Kinematics - Design of Mechanisms: Introduction

written by: naveenagrawal • edited by: Swagatam • updated: 7/28/2009

Machines as simple as livers, machines such as James Watt’s steam engine and the industrial robots such as PUMA all are composed of mechanisms whether simple, complex or combination of many simple and complex mechanisms. These mechanisms are governed by Kinematics – the study of geometry and motion.

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Kinematics

The study of Kinematics of mechanisms and the machines, which are composed of one or more mechanisms, involves analysis of geometry of motion. Different components of any mechanism move relative to the each other following certain constraints to produce the desired motion. Kinematic analysis is of prime importance in design of mechanisms and machines.

For kinematic design of a mechanism analysis is done for positions of points on a solid body and the time derivatives of the position. The first derivative of position with respect to time is velocity, the second derivative is acceleration and further derivatives can be analyzed according to the design requirements. Similarly for angular position there is angular velocity and angular acceleration.

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Mechanisms

The simplest example for a mechanism will be a liver hinged at a wedge. It transfers input motion at one end to the output motion on the other end. A scissors is a combination of two livers; the mechanical work from one end can be transformed to cutting motion on the output end. The two livers in scissors are connected together by a joint (revolute joint). A slightly more complex mechanism is a slider crank mechanism.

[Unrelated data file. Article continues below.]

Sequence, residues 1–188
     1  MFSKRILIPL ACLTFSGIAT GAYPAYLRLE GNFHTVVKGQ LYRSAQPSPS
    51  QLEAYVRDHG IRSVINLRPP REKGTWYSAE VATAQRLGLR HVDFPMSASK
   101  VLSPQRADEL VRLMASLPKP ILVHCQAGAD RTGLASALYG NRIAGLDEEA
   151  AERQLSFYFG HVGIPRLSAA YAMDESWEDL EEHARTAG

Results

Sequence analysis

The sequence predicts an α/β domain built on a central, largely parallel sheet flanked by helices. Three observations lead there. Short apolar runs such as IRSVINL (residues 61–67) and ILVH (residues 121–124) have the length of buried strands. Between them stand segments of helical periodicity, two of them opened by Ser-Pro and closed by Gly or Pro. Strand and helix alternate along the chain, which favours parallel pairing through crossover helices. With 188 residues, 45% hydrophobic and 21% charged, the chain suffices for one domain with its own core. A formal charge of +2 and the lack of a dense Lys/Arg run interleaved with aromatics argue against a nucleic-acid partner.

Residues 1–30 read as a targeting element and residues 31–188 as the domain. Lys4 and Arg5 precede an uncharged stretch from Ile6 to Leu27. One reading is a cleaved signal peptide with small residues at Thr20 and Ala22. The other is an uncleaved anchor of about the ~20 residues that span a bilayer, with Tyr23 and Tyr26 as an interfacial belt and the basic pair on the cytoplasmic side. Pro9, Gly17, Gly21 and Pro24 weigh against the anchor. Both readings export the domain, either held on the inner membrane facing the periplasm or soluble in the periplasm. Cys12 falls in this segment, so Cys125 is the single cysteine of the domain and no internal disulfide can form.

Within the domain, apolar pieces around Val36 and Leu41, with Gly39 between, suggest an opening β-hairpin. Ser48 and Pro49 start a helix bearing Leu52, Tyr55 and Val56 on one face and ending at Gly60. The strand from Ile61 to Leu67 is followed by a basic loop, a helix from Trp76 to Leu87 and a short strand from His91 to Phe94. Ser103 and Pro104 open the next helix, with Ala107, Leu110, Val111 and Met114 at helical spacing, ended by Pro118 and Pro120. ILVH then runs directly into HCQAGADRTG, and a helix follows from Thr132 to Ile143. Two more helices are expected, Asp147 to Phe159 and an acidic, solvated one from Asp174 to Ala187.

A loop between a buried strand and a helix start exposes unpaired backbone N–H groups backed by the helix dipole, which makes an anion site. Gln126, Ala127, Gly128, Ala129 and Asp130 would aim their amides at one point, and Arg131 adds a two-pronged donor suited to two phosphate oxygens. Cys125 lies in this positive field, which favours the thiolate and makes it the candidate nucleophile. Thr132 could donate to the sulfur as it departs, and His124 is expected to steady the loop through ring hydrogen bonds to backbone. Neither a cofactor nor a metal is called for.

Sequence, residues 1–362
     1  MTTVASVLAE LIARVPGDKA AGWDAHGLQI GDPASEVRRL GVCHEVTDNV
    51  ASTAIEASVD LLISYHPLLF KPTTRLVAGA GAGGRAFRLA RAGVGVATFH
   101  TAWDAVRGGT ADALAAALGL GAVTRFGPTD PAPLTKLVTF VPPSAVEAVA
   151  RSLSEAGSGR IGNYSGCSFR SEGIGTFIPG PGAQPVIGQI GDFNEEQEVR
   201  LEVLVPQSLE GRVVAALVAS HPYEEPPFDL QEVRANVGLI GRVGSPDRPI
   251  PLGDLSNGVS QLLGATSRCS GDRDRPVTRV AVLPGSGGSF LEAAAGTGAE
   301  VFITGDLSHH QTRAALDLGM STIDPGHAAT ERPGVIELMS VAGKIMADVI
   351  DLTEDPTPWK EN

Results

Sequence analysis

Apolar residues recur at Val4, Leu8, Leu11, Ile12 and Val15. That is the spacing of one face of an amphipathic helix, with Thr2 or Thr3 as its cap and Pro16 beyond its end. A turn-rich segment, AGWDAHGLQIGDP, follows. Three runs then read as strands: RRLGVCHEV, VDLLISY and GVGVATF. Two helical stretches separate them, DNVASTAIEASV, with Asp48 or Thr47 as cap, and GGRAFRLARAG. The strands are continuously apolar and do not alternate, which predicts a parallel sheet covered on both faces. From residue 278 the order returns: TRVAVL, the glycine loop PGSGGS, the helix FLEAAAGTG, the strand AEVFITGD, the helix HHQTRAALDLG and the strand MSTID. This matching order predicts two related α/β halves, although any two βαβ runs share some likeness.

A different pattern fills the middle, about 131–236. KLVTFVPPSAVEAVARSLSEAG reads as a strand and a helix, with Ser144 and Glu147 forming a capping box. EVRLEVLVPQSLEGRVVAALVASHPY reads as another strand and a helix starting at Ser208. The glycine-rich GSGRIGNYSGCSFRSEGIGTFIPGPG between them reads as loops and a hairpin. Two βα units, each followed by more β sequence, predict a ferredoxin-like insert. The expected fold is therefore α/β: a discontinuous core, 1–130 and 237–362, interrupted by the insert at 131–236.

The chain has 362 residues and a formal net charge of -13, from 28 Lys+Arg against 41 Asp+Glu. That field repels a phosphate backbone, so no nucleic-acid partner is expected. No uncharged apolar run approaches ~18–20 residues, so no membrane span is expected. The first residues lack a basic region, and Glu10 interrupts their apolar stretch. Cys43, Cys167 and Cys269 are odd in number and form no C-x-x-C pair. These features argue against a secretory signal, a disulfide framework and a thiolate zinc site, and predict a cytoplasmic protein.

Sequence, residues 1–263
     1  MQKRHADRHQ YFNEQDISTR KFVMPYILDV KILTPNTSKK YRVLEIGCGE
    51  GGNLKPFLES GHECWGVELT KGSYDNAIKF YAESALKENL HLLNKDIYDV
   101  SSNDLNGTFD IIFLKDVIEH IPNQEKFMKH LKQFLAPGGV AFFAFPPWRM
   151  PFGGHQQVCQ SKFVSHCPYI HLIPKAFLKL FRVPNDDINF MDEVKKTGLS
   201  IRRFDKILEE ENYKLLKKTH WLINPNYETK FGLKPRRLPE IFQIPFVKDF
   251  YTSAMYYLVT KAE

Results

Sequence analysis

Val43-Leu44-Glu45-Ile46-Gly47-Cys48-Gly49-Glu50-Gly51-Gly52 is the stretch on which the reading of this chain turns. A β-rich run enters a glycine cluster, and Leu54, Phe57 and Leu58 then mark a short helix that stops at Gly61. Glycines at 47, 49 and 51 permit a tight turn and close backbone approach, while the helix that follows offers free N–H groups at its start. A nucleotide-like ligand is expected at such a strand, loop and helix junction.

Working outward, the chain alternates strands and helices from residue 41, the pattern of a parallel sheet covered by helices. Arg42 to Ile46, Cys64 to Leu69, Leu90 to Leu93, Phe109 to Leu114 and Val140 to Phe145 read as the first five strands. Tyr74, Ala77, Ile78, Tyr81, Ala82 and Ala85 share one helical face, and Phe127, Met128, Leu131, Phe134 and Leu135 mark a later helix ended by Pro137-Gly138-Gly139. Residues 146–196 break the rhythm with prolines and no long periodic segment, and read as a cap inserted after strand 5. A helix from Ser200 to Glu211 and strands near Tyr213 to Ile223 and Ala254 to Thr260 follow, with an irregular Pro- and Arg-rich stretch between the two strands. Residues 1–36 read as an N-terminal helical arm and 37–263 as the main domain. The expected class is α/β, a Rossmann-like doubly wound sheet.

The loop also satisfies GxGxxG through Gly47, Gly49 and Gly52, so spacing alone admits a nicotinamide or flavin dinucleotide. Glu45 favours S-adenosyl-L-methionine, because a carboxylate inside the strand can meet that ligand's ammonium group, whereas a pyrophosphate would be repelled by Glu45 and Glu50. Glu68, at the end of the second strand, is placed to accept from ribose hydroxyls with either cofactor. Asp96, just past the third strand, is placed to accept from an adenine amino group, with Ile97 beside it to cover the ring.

Thus mechanisms can be defined as assembly of rigid members connected to each other through joints. A mechanism transfers the input motion or work at the input point or point of actuation to one or more output points. Like in case of slider crank mechanism, the input rotational motion of the crank is transferred to the slider as a reciprocating motion.

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Kinematic Joints

The members in a mechanism are connected by kinematic joints. A kinematic joint is formed by direct contact between the surfaces of the members forming that joint. The contact between the surfaces of the members can be point contact, line contact or area contact. The joints are classified according to the type of contact and relative motion of the members. The contact stresses developed will also depend on the contact type.

There are two types of joints according to the type of contact:

1. Lower pair joint

2. Higher pair joint

Lower pair joint has area contact between the two mating surfaces of the members forming joint, as in the case for slider, revolute and hinge.

Higher pair joint has the contact between the mating surfaces as point or line contact as in the case for cam pair and cam-follower.

Following sections will discuss basics of analysis and synthesis of mechanisms.

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References

Book: Theory of Mechanisms and Machines – Ghosh and Mallik

Book: Kinematics, Dynamics and Design of Machinery – Waldron and Kinzel

Kinematics - Design of Mechanisms

Machines as simple as livers, machines such as James Watt’s steam engine and the industrial robots such as PUMA all are composed of mechanisms whether simple, complex or combination of many simple and complex mechanisms. These mechanisms are governed by Kinematics – the study of geometry and motion.